It would be easy to pass off the last two examples (spin class and the LPI) as subconscious instances. Men look muscular, so we associate that with strength and Peace Corps was our job so we should be tested on our job in our language exam. We, as women, should just make the concession to understand that these subversions are evolving through generations, and maybe one day these comments won’t be made, but for now it’s part of a process. Have you seen this video?
“And I wonder if my lineage is one of women shrinking. Making space for the entrance of men into their lives. Not knowing how to fill it back up once they leave. I have been taught accommodation.”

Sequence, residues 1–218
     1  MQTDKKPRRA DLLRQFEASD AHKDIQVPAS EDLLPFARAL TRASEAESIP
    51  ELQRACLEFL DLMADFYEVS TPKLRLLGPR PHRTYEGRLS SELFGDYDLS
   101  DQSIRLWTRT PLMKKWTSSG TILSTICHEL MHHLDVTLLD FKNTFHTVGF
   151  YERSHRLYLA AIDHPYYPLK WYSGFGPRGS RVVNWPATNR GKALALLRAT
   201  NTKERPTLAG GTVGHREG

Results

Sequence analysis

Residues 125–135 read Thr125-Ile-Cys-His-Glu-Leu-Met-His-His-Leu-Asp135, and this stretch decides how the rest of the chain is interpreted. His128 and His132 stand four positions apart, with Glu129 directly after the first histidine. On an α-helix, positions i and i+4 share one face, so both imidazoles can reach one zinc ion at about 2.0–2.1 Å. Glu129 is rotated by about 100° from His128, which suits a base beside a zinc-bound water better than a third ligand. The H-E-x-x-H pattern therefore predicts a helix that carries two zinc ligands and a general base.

Because we should be letting men push themselves at the gym while we sit back, we should let them express their “natural” impulse to disrespect us in public while we ignore it, and we should let them fill up space in our lives while we shrink to accommodate it. Is that the idea?
Because when a third grade boy at my job wants to join hair and nails club, and I hear a staff person make the comment “can’t wait for you dad to see that” and when I ask my girl power club what jobs only men do, they immediately say “be president” and when I look at the plays, directors, producers, artistic directors, and leaders in my own community track the path of being white and male and privileged and I read this article:
and realize it actually happens in every community, all the ideas I had about what America was and what America stood for in regards to women’s equality is challenged.